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Sacha Kljestan, the keystone of the Red Bulls

I can't lie. At first, I doubted Kljestan. However, as the season went on, I realized how key he is to the team.

Sacha Kljestan vs. DCU. August 30th, 2015
Sacha Kljestan vs. DCU. August 30th, 2015
Anthony Terminelli

Merriam-Webster defines a keystone as a large stone at the top of an arch that locks the other stones in place, or something on which other things rely on for support. Simply put, without the keystone, the rest of the arch falls down. If the keystone can't perform to the best of its abilities, then the arch falls down. The thing about a keystone is that it can't just be any old block. It takes a special type of block to be the keystone. If the keystone is a different type of block, then guess what? The arch falls down. I'm sure most of you are wondering, "What the hell is this kid talking about? I come here for soccer posts, not architecture lessons." Well, simply put: Sacha Kljestan is so key to the team at this point that without him, or even if he has a bad game, the team suffers. Kljestan occupies a special role within the team. He operates as both a box to box midfielder and a #10. There are very few players that can play this role and play it well. Obviously, Kljestan is one of those players.

Luckily for the New York Red Bulls, Kljestan has technically missed only one game. On June 21st, against Vancouver, Kljestan picked up a questionable red card only about 10 minutes into the game. For 80 minutes, the Red Bulls were Kljestan-less. The Red Bulls ended up losing that game 2-1. Of course, Kljestan being sent off so early wasn't the only source of the Red Bulls' woes that game. A lot of credit must go towards David Ousted for saving not just one, but two Bradley Wright-Phillips penalties, winning Vancouver the three points.

That game was a turning point for Kljestan's season. In many careers, there are games that make or break a player. Up until that game, Kljestan had picked up just 2 goals and 1 assist in 14 games. In that same stretch of games, he also picked up 4 yellow cards. Hell, if you include the Whitecaps game, Kljestan had 0.2 goal contributions per game, and 0.33 cards per game. On the points side of things, the Red Bulls only managed to pick up 1.13 points per game. I'm sure that at this point, I was not the only one that doubted Kljestan.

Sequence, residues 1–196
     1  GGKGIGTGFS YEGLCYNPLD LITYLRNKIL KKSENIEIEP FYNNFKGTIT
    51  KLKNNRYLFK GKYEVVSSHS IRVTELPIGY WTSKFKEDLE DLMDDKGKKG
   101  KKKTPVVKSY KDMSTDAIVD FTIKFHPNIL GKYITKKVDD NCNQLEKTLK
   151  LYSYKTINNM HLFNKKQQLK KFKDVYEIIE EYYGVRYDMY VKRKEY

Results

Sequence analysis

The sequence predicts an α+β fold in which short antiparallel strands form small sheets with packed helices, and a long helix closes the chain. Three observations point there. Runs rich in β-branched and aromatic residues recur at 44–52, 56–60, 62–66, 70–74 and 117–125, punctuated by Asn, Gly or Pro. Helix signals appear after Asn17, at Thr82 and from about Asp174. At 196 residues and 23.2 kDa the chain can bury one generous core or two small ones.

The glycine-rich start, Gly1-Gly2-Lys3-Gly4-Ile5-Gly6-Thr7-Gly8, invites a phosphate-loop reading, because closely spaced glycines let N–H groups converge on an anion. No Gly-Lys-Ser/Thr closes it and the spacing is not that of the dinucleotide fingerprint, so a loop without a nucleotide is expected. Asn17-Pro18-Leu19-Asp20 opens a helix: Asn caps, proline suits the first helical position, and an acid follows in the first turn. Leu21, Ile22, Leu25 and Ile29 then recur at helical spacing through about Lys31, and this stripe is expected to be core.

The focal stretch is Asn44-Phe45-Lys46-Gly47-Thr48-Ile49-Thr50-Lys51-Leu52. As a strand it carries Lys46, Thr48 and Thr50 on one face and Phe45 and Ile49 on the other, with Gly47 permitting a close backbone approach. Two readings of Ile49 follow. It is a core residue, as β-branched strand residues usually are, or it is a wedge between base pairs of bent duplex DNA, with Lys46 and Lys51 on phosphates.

Kljestan served his suspension and returned for a big match; the second iteration of the Hudson River Derby, this time at Yankee Stadium. Kljestan was coming off a poor start, a red card in his last match, and a big match against your new rivals in their house. By all means, Kljestan was set up for another poor game in a Red Bulls shirt. How did Kljestan respond? By grabbing two assists, including one on Matt Miazga's header in the 73rd minute. He lost out on Man of the Match Honors due to a strong showing by David Villa, but the game did show what Sacha was capable of. In the next 19 matches, Kljestan picked up 6 goals and 9 assists and zero cards. In that last stretch of 19 games, Kljestan had 0.79 goal contributions per game, almost four times what he had in his torrid first 15. In those 19 games, the Red Bulls also managed to pick up a cool 2.11 points per game, almost a whole point per game difference as opposed to the first 15. Quite the turnaround.

With the form Kljestan is in, if he is on the field, there is a very good chance the Red Bulls are going to win. It's imperative that Kljestan keeps up his strong disciplinary record (though, in the last game against D.C. United, he did pick up a yellow) and that he stays healthy. While Lloyd Sam, Mike Grella, and Bradley Wright-Phillips are the ones scoring most of the goals for the offense, without Kljestan, the keystone, the offense just wouldn't stand up.